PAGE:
What drives your learners to complete their training lessons? Can you drive the same motivation that Duolingo users have to keep years-long learning streaks?
In this episode of The Security Champions Podcast, Mike talks to Dustin Lehr, Sr. Director of Platform Security at Fivetran and Co-Founder/Chief Solutions Officer at Katilyst Security, about motivating learners throughout their AppSec training.
Can Gamification Be Used to Motivate Learners?
When people hear gamification, they think they are turning the training content into a game, and flashbacks from high school Jeopardy come to mind.
However, gamification is more about understanding human motivations that drive us to play games to apply these techniques in other areas of life.
One reason games are sought after for motivational elements is that we don't have to play them. So, what makes us addicted, motivated, and engaged when we play games? The idea is to examine the elements in games that motivate us to continually play games and determine how we can use those same elements in non-game situations.
The games industry has successfully addressed the human motivation factor, and we can apply those same principles to our daily lives.
Explicit vs. Implicit Gamification
When considering how to incorporate gamification into your training program, knowing the difference between explicit and implicit gamification is essential.
- Explicit Gamification: Training that acts and functions like playing a game; an example of explicit gamification would be answering questions correctly to move your character to the next space on the board before other players.
- Implicit Gamification: Game elements but not playing an actual game; examples of implicit gamification are badges, earning titles once you reach certain training levels.
In the workplace, explicit gamification can be seen as childish or inappropriate in a professional environment. Meanwhile, implicit gamification may be more accepted among leadership and learners alike.
Using SAPS to Drive AppSec Training Motivation
You can’t talk about gamification without talking about what kind of rewards you can offer your learners.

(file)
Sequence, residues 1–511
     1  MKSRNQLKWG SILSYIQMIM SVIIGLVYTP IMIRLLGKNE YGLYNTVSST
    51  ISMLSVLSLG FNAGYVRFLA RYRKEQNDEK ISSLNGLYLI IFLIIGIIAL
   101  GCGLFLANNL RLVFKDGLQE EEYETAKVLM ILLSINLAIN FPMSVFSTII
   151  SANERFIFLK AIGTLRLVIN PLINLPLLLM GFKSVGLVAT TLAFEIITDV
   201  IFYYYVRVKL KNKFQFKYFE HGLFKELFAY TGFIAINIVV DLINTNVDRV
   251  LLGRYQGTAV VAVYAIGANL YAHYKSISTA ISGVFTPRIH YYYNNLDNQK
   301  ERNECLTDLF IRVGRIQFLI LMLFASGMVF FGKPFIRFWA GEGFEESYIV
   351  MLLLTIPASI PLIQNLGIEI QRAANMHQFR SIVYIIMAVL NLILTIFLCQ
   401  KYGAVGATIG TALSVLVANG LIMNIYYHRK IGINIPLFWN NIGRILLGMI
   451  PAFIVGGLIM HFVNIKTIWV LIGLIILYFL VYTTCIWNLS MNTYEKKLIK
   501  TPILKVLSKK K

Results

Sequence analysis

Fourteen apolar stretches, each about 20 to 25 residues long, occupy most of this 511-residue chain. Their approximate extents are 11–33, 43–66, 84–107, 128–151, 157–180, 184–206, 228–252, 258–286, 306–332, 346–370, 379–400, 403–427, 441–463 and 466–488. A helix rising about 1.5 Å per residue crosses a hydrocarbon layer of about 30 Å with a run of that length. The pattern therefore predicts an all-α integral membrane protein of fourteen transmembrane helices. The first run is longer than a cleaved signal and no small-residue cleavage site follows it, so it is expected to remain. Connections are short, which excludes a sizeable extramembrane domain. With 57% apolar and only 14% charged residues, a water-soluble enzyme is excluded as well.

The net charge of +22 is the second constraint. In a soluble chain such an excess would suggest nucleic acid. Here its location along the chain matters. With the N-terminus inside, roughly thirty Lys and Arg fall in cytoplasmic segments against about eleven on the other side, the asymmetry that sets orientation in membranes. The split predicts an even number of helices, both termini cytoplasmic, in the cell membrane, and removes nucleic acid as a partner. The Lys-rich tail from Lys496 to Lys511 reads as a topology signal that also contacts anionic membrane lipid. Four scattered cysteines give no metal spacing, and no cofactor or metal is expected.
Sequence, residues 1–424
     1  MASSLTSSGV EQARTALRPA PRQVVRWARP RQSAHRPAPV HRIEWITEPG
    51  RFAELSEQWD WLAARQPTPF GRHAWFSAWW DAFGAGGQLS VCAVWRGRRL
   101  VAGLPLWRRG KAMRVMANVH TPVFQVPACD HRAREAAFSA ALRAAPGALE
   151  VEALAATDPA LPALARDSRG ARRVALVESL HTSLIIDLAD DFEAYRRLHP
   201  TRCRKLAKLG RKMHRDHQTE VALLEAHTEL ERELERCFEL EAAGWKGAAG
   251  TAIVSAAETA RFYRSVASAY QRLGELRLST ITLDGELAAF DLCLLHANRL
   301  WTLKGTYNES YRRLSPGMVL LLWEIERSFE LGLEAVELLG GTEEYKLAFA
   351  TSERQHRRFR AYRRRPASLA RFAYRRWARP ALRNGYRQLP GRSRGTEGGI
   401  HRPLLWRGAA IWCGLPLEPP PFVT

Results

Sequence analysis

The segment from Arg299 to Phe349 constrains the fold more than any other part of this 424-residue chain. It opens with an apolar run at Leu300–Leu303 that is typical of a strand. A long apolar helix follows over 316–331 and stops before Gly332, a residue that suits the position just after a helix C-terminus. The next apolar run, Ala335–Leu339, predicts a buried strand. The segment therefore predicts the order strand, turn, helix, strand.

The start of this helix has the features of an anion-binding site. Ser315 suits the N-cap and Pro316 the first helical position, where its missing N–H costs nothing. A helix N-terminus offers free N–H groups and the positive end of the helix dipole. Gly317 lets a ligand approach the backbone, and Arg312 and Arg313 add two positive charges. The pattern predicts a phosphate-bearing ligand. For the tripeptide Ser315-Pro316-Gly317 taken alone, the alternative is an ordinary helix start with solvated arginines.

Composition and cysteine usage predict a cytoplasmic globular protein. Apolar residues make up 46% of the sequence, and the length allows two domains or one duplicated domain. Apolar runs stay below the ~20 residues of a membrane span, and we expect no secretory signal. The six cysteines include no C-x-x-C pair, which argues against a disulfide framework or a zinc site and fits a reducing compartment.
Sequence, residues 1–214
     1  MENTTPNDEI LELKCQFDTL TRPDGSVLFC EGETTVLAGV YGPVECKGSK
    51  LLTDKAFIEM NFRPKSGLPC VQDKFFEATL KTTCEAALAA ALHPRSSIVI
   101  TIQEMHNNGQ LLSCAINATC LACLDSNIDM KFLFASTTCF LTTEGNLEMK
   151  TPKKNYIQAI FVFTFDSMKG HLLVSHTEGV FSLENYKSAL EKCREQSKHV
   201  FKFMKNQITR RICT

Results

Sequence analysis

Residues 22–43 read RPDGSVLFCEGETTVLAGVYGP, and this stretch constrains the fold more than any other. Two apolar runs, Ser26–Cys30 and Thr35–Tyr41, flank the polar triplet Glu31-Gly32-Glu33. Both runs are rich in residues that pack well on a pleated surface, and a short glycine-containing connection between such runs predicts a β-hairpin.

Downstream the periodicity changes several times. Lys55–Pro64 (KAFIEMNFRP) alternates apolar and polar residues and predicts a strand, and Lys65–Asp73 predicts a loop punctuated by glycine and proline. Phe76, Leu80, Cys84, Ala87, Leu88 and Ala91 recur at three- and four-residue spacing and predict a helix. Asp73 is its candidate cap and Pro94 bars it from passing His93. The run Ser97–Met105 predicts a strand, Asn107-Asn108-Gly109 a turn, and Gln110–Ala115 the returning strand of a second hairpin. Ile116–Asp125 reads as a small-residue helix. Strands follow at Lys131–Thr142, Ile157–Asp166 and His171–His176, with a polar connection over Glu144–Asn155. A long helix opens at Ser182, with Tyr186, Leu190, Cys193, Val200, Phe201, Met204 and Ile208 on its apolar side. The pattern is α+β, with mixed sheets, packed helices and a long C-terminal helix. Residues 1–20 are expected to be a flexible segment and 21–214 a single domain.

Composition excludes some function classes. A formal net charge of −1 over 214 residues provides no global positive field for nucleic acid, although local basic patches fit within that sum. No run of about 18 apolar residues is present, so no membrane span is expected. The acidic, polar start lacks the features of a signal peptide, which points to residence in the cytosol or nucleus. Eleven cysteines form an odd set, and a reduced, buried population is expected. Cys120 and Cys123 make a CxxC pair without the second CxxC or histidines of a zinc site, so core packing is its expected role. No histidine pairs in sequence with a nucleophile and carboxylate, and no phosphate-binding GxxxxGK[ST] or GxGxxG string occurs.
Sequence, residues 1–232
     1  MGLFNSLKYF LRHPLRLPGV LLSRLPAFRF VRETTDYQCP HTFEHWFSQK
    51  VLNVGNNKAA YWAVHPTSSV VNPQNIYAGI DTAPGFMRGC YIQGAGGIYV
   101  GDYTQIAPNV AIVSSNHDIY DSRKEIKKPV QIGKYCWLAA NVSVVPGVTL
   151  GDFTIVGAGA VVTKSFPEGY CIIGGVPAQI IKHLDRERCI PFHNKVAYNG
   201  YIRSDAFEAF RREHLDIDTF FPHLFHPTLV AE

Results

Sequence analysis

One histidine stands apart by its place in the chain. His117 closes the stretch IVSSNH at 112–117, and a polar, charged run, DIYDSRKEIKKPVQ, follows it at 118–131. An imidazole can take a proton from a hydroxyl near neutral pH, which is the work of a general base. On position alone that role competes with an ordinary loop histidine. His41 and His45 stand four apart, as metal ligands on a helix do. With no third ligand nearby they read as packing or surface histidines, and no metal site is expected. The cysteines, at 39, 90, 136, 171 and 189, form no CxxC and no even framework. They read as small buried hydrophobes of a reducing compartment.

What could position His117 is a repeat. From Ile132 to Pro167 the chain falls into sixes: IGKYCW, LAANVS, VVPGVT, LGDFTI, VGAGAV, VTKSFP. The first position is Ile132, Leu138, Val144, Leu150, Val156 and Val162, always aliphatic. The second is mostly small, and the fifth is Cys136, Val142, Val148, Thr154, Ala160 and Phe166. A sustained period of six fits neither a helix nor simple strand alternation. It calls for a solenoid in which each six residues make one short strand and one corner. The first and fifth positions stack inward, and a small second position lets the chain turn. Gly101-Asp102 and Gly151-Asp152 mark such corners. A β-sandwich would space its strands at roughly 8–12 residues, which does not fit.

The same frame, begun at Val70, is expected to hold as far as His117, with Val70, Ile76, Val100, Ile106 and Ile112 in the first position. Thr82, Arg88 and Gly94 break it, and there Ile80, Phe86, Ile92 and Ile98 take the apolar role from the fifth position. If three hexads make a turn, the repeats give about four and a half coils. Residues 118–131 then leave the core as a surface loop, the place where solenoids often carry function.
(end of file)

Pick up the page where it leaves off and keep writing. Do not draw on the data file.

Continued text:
Many Security Champions programs offer material items such as challenge coins and other things you can earn – but that is just stuff. It’s easy to go to a giveaway company and order 100 water bottles with your logo, but it’s more important to take a step back and think about what your learners ACTUALLY want.
When it comes to rewards, Dustin Lehr introduced us to the term SAPS:
Now, let’s break down what SAPS means and how you can use SAPS to motivate your learners.
Status refers to the ability to publicly show your learners’ accomplishments and uplift them to a higher rank within the greater group based on their achievements.
Some examples of ‘status’ incentives include:
- Job Title
- Status Within the Company
- LinkedIn Updates
Access refers to giving your learners access to exclusive events or perks when they reach certain milestones within their training program.
Some examples of ‘access’ incentives include:
- Invites To Networking Events
- Continued Education Opportunities
- Flexible Work Hours
- Career Paths
Power refers to the ability to have influence and make decisions after a learner has demonstrated their contribution and dedication.
Some examples of ‘power’ incentives include:
- Admin Access to Tools
- Seats On Steering Committees
- Input on Important Product Decisions
Stuff refers to the typical prizes and giveaways that can come when completing different milestones of a training program.
Some examples of ‘stuff’ incentives include:
Are Your Learners Motivated?
You can listen to the full episode to learn more about gamification in security champions programs.
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